Bitglass is an online CASB portal that’s preconfigured for use with a variety of SaaS sources, including Google Apps, Microsoft Office 365, Box, Dropbox, ServiceNow, Concur, Evernote, Egnyte, Exchange, and Jive, although mobile devices are limited to a smaller list.
Bitglass has strong situational knowledge to make access decisions. Using browser intelligence, Bitglass knows a lot about who’s accessing what and when.
Bitglass also watermarks data flowing through it, including email attachments, and provides tracking/tracing controls based upon user behavior of files/data that are sent through its forward proxy portal. Bitglass had the fastest initial setup of the three products tested, but that doesn’t mean that Bitglass is shallow, rather it is benefited by its own portal controls.
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Bitglass has done a lot of homework in terms of the tasklist of items needed to migrate to its services, but administration of the BitGlass portal requires above average administrative detail work to achieve the depth that competitor CipherCloud has in terms of encryption and DLP control. After testing, we agreed: non-trivial but definitely do-able.
Bitglass encrypts, and does something further than CipherCloud: it can watermark files in such a way as to trace exfiltration forensically. It geo-locates users and establishes the foundation to monitor weird user data behavior. Logged on from Santa Monica, then an hour later accessed something from London? Yes, Bitglass can sense this and throw a red flag. The geolocation feature can be thwarted, but it takes serious talent and timing to get past such a feature.
We found that Bitglass could accommodate other SaaS portals if we did the work, and single sign-on support can be enabled as well. We chose Active Directory Federation Services with Bitglass as a SAML provider. Okta, an SSO service, can also be used.
Another Bitglass strength is tending to devices both inside and outside an organization’s “secure perimeter,” although smartphones (we tested Android and iOS) have comparatively limited control compared to Windows or Mac OSX.
Initial setup was straightforward, and included directions to the correct scripts to join our small test Active Directory domain. A circuit to an organization’s Active Directory is necessary for authentication.
The Bitglass administrative portal renders a lot of information, and is the nexus of control. The administrative portal has object filters, including a set of pre-defined libraries of patterns for things like credit card data fields as keywords, used to stanch information flow upon a match with the object filter.
DLP is good, but not perhaps as good as CipherCloud or Netskope and not as programmable, either.
Starting a new Salesforce instance with Bitglass involved creating a Salesforce subdomain, then modifying it so that an installed (self-signed Bitglass) certificate was used to force browser re-direction through Bitglass’s portal for rules/policy purposes, and subsequent data imprisonment. This locks in Bitglass as a provider and circuit for users, thus allowing agentless clients to use Bitglass for SSO, audit, and DLP features. It’s pretty easy, we found.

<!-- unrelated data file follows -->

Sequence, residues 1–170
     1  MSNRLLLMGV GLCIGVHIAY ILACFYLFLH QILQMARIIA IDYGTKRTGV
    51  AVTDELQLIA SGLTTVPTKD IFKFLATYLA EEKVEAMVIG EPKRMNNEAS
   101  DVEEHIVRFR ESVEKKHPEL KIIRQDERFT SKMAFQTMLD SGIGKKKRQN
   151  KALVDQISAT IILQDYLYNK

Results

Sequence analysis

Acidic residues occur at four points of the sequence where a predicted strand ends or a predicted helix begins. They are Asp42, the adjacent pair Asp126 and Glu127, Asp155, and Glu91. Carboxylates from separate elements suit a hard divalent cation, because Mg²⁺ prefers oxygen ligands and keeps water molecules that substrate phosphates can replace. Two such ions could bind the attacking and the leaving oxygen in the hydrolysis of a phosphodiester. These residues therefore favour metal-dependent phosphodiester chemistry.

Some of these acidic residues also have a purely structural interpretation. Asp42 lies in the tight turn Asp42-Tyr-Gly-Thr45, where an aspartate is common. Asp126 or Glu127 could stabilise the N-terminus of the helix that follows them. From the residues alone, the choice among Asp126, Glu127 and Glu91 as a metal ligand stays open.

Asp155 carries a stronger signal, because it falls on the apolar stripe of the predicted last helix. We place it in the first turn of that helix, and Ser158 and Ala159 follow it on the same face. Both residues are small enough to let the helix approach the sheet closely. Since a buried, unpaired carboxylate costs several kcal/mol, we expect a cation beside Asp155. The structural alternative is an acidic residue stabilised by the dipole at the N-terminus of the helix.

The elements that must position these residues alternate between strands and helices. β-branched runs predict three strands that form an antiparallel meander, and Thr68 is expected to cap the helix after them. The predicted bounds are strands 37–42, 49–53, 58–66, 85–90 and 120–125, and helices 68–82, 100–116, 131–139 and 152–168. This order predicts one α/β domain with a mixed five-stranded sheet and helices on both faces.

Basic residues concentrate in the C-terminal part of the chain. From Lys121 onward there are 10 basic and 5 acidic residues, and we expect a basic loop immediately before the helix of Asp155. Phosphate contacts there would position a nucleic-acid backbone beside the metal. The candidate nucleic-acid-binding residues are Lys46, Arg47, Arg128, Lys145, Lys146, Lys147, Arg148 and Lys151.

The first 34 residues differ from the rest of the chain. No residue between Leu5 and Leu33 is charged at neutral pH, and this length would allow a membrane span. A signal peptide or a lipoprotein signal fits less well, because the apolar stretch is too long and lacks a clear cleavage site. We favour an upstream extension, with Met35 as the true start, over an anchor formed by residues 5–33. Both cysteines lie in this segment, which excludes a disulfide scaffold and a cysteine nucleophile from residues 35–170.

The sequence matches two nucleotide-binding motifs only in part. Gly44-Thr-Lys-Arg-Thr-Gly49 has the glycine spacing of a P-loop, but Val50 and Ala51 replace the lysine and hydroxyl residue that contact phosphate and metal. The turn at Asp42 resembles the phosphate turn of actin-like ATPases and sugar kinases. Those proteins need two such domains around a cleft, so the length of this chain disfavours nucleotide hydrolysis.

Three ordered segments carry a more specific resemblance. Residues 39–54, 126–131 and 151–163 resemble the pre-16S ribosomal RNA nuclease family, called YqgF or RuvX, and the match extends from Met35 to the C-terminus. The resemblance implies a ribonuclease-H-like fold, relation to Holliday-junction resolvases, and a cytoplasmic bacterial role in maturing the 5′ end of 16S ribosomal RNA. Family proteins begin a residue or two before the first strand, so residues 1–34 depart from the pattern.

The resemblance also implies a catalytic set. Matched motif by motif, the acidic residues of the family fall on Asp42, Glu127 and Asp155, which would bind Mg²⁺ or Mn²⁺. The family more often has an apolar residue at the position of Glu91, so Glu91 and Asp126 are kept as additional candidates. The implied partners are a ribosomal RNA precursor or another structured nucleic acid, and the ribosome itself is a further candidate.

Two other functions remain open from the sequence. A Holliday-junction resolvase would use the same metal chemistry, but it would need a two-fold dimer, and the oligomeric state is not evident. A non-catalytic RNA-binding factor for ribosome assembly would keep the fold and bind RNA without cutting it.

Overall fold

What’s less trivial is the need for staff to monitor exception handling, including noise generated from high volume user activity across a potentially broad spectrum of SaaS and supported cloud resources, but this is the same stress that CASB will impose for any good level of activity with any CASB product. The noise, however, can be “smoothed” to a manageable level.
Here, the Activity Dashboard of Bitglass became very useful. We felt like we had a handle on activity that needed addressing, and that a variety of activities with a high volume of load would be acceptable to us, although we lack the capacity to emulate the shenanigans of thousands of users doing cloud plus Exchange, Google or Office365 apps, Evernote — plus Salesforce. You might assume that your user base is well-behaved, but we all know that users do odd things, and sometimes try to get around the rules. This is why the BitGlass UI made us happy, in that it separates the trivial from the ghastly.
|Product||CipherCloud Trust Platform||Netskope GoScope Platform||Bitglass|
|Configuation, Flexibility, Installation||4||4||3.5|
|Administration, Overall User Experience||5||4.5||4.5|
|Features, Integration with Third Parties||4.5||4||4|
The potential downside is that a clear communications circuit needs to be maintained to the cloud-based Bitglass portal, which isn’t under your control, unlike the on-premises, appliance-based products reviewed here. BitGlass meets high standards for its own security, but does not have worldwide points of presence all in sync with each other.
No one reviewed did, although the CipherCloud architecture uses an autonomous internal gateway VM methodology which places the onus of circuit protection strictly on IT staff. We found other minor foibles mostly relating to our sense of quieting noise; we like a security package that’s nervous. Heaven help us if Bitglass’s portal is ever compromised, a thought that nagged us.
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